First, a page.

Srettha’s priorities include lowering electricity and diesel prices, suspending debt repayment for farmers and SMEs, introducing visa-free entry for foreign tourists, cutting gasoline and cooking gas prices, and providing financial support for distressed SMEs. He also plans to implement a digital wallet to stimulate nationwide spending during the Songkran water festival by February 1, raising 560 billion baht to give 56 million adults 10,000 baht each.

The Srettha Administration will also push for legal recognition of same-sex marriages, develop a new volunteer military, and draft a new constitution. However, the actual policy towards marijuana and hemp remains unclear, as the BJT, now the second largest party in the coalition government, vowed to defend “free” cultivation and sale for medicinal purposes.

Ex-PT leader Dr Cholnan Sri-kaew will now have the task of finding a new compromise with the PT, who stepped down as PT leader on 31 August to take responsibility for his failed pledge not to embrace the two parties of the two ageing generals.

One sensitive omission in the PT-led coalition government is leaving untouched the controversial Section 112 of the Criminal Code, the lese-majeste law, which was a crucial precondition for many senators who voted for Srettha on 22 August.

Srettha, the Thai Prime Minister, is attempting to avoid offending the Thai military and their conservative allies by advocating for “joint development” in full consultation with all relevant stakeholders. However, he must also address Thaksin, who now has a one-year jail term following the King’s commutation of his sentences from eight years to one. Any new preferential treatment for Thaksin will only confirm public suspicion that he is manipulating the Srettha premiership.

The ongoing challenge for Srettha is the polarisation between conservatives who want to preserve the status quo and the young who want more rapid changes. A large majority of the latter voted for the MFP due to its clear agenda for change, including reform of the military and the monarchy. Most political parties within the coalition government, the MFP (149 MPs) and the Democrat Party (25 MPs), tend to see eye to eye on the need to give Thailand a new and genuinely democratic constitution.

The proposal to amend the 2017 Constitution requires the support of at least one-third of senators, with 152 out of 249 voting for Srettha. The number of senators supporting a new constitution is uncertain due to opposition from some. The current senators will leave in May 2024, and a new batch of 200 senators will fill the Senate, with a majority of lower House MPs approving the drafting.

The Srettha Administration faces a dilemma: either block a progressive new constitution or call for an early general election. The MFP has gained public sympathy due to Pita’s failure to win the premiership and his rejection of his name for another round of selection. Pita resigned as leader on 16 September, and Secretary-General Chaitawat Tulathon is expected to succeed him. A recent survey found that the MFP’s popularity rose from 30.20% in the May general election to 49.04% in late August, while the PT’s popularity dropped from 28.20% to 10.65%.

MFP candidate Pongsathorn Sornpetnarin easily captured a House seat in Rayong’s Constituency 3 on 10 September, with 39,296 votes. Srettha should focus on tackling economic woes to gain more bargaining power with coalition partners and maintain the MFP’s support for his premiership. This is crucial for securing continued endorsement from the influential conservative establishment.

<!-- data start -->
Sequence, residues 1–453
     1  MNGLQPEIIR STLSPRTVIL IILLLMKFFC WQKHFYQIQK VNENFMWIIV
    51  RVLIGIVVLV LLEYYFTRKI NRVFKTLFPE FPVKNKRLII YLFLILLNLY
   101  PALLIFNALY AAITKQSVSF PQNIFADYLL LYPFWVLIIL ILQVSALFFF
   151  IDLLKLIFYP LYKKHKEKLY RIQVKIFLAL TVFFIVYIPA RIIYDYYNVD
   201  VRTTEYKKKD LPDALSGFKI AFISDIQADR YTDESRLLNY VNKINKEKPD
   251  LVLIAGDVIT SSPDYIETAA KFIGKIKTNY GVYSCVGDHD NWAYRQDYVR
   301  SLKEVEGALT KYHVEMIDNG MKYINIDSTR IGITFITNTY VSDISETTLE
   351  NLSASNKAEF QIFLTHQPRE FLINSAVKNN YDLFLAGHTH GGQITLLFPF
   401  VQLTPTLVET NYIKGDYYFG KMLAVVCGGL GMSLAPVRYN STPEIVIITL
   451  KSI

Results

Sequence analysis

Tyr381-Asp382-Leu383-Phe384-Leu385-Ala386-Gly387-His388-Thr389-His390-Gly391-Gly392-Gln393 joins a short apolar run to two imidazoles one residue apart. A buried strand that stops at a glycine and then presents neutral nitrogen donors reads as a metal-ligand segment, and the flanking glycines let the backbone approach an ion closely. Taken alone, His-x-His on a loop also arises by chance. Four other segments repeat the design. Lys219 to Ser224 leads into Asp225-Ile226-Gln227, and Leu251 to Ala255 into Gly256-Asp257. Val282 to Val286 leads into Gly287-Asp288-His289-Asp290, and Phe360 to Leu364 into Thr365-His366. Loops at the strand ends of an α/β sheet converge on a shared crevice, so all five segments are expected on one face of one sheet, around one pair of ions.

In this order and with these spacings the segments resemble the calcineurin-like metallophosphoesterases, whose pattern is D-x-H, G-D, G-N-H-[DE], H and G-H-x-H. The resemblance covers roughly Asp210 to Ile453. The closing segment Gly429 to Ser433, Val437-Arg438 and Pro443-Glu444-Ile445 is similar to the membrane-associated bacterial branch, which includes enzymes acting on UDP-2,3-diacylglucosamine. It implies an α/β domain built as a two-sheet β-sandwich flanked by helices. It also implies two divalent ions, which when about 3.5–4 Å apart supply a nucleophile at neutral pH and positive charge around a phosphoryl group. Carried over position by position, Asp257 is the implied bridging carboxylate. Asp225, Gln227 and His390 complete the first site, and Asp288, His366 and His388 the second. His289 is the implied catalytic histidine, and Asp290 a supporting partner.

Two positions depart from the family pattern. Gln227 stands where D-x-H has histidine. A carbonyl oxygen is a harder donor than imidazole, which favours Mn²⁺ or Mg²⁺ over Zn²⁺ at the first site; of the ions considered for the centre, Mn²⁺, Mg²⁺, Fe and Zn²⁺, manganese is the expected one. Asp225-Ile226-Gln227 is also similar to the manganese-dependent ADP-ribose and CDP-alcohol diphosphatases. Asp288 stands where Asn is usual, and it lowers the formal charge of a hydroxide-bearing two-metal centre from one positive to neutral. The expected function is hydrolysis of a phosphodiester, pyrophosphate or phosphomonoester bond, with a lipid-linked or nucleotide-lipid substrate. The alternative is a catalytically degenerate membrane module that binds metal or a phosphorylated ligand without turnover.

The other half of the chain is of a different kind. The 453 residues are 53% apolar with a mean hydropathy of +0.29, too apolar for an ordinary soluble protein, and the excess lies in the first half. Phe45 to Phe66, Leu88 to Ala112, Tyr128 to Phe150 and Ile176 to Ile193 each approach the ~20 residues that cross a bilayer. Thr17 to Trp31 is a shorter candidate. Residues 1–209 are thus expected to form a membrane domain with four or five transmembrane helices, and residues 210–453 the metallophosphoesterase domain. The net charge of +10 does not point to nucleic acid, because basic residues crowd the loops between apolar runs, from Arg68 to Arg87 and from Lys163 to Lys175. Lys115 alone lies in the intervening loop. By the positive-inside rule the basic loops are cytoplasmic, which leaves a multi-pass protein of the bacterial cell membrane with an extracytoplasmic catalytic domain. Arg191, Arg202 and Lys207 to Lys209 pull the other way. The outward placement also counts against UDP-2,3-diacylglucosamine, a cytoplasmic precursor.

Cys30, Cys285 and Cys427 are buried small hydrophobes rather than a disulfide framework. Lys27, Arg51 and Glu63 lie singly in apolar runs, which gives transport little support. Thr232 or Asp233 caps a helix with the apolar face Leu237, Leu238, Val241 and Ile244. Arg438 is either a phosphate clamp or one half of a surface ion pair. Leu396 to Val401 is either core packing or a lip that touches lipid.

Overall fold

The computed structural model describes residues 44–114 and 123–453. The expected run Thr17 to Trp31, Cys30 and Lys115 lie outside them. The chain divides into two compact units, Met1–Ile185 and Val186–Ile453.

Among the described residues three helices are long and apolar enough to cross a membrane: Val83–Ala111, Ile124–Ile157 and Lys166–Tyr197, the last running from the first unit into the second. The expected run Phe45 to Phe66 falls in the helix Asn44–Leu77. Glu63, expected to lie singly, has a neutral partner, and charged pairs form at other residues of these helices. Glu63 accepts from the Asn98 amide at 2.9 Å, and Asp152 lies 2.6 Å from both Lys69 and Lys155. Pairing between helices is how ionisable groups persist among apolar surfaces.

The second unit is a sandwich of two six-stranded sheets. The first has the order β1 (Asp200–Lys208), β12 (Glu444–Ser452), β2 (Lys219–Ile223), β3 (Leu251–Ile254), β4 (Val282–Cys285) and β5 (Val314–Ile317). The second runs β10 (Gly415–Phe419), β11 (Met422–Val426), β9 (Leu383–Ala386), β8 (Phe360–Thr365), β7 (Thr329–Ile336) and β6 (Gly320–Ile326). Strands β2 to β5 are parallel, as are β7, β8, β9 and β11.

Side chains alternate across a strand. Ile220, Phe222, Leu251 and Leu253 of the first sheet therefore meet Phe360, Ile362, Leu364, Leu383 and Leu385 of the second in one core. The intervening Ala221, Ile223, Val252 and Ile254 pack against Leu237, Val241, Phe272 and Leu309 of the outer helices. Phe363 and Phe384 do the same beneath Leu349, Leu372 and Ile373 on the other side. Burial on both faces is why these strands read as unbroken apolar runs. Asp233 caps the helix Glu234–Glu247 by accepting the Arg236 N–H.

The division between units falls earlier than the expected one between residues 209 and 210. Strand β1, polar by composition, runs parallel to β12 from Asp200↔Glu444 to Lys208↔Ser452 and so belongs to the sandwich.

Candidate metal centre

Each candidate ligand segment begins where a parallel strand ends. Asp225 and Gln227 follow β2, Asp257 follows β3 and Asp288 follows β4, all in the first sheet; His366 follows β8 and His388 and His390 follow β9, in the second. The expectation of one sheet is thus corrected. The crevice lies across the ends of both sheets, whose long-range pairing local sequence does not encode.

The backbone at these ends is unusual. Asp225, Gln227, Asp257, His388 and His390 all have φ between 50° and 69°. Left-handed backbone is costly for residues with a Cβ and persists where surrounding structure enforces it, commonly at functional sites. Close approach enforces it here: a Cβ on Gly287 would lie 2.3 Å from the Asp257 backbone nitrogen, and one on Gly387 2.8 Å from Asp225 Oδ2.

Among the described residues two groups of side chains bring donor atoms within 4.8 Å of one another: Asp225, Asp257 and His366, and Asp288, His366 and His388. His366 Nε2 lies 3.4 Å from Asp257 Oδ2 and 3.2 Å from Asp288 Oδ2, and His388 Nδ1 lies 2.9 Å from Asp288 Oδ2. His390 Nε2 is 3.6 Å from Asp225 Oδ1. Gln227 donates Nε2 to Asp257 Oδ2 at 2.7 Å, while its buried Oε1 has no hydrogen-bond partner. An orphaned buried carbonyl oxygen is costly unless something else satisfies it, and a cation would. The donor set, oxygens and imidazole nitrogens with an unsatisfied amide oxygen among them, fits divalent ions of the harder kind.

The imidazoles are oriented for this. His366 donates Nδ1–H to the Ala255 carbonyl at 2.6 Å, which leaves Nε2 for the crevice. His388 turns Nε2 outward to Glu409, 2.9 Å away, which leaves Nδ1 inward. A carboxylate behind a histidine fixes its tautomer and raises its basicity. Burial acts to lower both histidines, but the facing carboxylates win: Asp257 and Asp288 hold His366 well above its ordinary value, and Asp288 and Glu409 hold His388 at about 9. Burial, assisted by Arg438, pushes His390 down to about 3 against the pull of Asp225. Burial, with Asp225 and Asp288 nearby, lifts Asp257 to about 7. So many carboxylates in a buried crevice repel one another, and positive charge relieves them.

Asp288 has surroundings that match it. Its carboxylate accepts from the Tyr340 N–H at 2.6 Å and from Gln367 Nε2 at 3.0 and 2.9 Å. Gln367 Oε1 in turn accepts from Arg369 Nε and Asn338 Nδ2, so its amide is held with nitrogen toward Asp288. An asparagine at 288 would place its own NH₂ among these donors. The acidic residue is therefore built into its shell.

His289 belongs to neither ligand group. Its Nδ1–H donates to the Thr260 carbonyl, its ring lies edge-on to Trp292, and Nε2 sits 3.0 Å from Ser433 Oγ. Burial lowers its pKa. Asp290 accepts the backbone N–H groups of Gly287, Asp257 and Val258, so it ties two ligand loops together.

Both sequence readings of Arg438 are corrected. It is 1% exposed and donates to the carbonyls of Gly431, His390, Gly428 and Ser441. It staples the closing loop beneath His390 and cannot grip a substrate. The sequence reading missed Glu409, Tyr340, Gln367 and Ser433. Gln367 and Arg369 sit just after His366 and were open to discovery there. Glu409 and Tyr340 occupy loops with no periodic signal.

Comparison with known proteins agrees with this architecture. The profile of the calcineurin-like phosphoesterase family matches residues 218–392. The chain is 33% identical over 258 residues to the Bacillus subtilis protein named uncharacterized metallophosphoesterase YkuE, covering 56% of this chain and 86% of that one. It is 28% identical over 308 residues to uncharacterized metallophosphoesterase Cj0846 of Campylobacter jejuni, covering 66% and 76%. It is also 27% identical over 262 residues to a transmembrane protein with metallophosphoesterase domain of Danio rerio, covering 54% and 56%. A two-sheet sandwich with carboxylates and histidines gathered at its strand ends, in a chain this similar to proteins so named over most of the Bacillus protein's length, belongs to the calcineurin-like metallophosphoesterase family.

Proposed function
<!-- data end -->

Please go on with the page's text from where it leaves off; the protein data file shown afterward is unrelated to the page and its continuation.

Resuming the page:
Thailand’s Financial and Political Systems

Thailand’s financial and political systems are intricate and have evolved over time. The country is a constitutional monarchy with a parliamentary system, with periods of political stability and turmoil, including military coups. The monarchy holds a symbolic role in Thai society. The bicameral legislature consists of the House of Representatives and the Senate, elected through a mixed-member proportional representation system.

Thailand has a multi-party system with prominent parties like the Pheu Thai Party, Democrat Party, and Palang Pracharath Party. Political alliances and affiliations can be fluid. The military has played a significant role in Thai politics, including coups and interventions in civilian governments. Thailand conducts regular elections for both the House of Representatives and the Senate, but the political landscape has been marked by periods of political unrest and military intervention.

Thailand’s financial system is a vital part of its economy, consisting of a robust banking sector, the Stock Exchange of Thailand (SET), and the official currency, the Thai Baht (THB). The Bank of Thailand (BOT) serves as the central bank, regulating the banking industry. The SET is the primary stock exchange, raising capital for businesses and providing a platform for trading stocks and securities.

The BOT oversees the financial sector to maintain stability and prevent financial crises. Thailand faces economic challenges such as income inequality and regional disparities, but its export-oriented economy attracts significant foreign direct investment in sectors like automotive manufacturing, electronics, and tourism. The political and economic landscape in Thailand can change rapidly, so it’s advisable to consult up-to-date sources for the latest information.

Thai PM faces challenges to power

Thailand’s political landscape is characterized by challenges and controversies surrounding the Prime Minister’s power. Protests demanding constitutional reforms and greater democratic representation have been met with heavy police response, leading to clashes and arrests. Critics argue that the constitution, drafted under military rule, favors the military and weakens civilian authority. Thailand’s strict lèse-majesté laws, which prohibit criticism of the monarchy, have been a source of controversy.

The country’s economy heavily relies on tourism, and the government faces challenges in managing economic fallout and providing support to affected businesses and individuals. International relations, particularly with the United States and China, are closely monitored, requiring the government to navigate diplomatic challenges while maintaining sovereign.